Joni Newkirk – Founder and CEO, Integrated Insight, Inc.

Joni Newkirk is the founder and CEO of Integrated Insight, Inc., an analytics firm helping organizations strategically and operationally out-behave the competition. The company specializes in adding value through analytical support for new business development, business optimization, and research and consumer insights, and is a four-time recipient of the Inc. 5000 award for Fastest-Growing Private Companies in America.

Prior to founding Integrated Insight, Joni spent 20 years with Walt Disney Parks and Resorts. As senior vice president of business insight and improvement, she was responsible for managing and driving over $8 billion in revenue for worldwide theme parks and resorts, Disney Cruise Line, Disney Vacation Club and Adventures by Disney. She oversaw industry-leading decision analytics within market research and consumer insights, forecasting, pricing, revenue and profit management, and industrial engineering. During her tenure at Disney, Joni led key initiatives that resulted in step-change growth including “Magic Your Way”, a sweeping change in revenue strategy built on consumer wants and needs, and “Back to the Basics”, a refocus on guest service as a key differentiator.

Prior to joining Disney, Joni held management positions in planning and development at both Lockheed Martin and Orlando Regional Healthcare System. She holds a BA in Statistics from the University of Florida and a MS in Industrial Engineering from the University of Central Florida.

Tell me about your early career.
My first five years were spent at Orlando Regional Medical Center focused on long-range planning. I had a great mentor, Ann Ashmore, who taught me how to write. The analytics came easy, but telling a convincing story to gain approval for future medical services was just as much art as science. After the hospital, I joined the network planning team at Lockheed Martin (then Martin Marietta) and stayed there for almost five years while I chipped away at graduate school classes and finally earned my MS in Industrial Engineering.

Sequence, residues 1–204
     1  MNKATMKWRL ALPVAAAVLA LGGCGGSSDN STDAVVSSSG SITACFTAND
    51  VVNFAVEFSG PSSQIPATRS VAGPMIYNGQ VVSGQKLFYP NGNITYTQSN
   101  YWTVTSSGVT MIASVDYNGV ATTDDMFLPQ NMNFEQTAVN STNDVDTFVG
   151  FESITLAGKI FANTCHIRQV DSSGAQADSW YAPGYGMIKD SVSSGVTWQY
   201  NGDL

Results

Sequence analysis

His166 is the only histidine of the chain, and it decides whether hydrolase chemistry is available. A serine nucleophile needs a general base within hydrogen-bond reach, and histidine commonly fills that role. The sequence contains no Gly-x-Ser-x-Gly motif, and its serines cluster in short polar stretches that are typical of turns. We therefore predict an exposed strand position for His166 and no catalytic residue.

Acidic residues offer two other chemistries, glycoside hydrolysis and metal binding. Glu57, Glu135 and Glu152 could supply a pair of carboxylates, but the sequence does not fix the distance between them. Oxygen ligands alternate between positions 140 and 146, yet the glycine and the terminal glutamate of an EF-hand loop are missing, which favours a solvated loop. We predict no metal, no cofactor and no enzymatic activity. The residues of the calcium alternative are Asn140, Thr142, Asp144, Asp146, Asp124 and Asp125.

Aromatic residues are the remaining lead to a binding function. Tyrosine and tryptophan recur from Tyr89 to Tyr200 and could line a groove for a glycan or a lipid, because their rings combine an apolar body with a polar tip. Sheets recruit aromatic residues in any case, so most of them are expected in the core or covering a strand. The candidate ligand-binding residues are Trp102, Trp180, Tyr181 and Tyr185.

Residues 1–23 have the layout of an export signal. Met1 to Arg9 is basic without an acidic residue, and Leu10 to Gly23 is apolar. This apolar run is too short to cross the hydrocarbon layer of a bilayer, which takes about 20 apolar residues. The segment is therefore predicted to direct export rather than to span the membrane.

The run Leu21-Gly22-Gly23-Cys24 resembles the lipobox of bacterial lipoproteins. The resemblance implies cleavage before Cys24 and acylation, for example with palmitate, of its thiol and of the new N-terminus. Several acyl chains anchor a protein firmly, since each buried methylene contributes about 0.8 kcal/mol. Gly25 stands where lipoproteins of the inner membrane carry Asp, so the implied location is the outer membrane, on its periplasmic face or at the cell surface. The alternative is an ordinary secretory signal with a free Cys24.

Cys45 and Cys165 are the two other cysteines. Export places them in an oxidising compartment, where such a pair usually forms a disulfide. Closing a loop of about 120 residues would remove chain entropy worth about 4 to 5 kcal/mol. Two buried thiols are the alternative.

Living in Orlando, I knew all about Disney parks as a guest, but never thought about joining the company until I read an advertisement for a manager of operations research position. It fit both my educational background and work expertise so well, it was as if the ad was written for me. And so began my twenty years with the mouse. To take full advantage of those Disney benefits, I immediately had three children.

How did the concept for Integrated Insight come about?
I love to invert problems to look for viable solutions from a different angle. Literally diving into the work with my team and bringing new strategies to life is what excites me most. For a long time, I was certain I would retire from Disney doing just that. But continuous, increasing responsibility pulled me farther away from what I loved most, and with worldwide responsibility, I was frequently away from my family. The thought occurred to me that I could add significant value to other organizations through consulting, so I took the plunge and Integrated Insight was born.

How was the first year in business?
Liberating, enlightening, scary as hell – everything I thought it would be. I wanted to go back to “doing the work” and clearly, I was, including everything my superb assistant Linda and the IT department did for me previously. Having a great business partner helped. Scott Sanders and I left Disney together and it has been a remarkable nine year partnership. It also helped having a business plan prepared – something I worked on for a couple years prior to leaving Disney – and our first client lined up before we took the leap.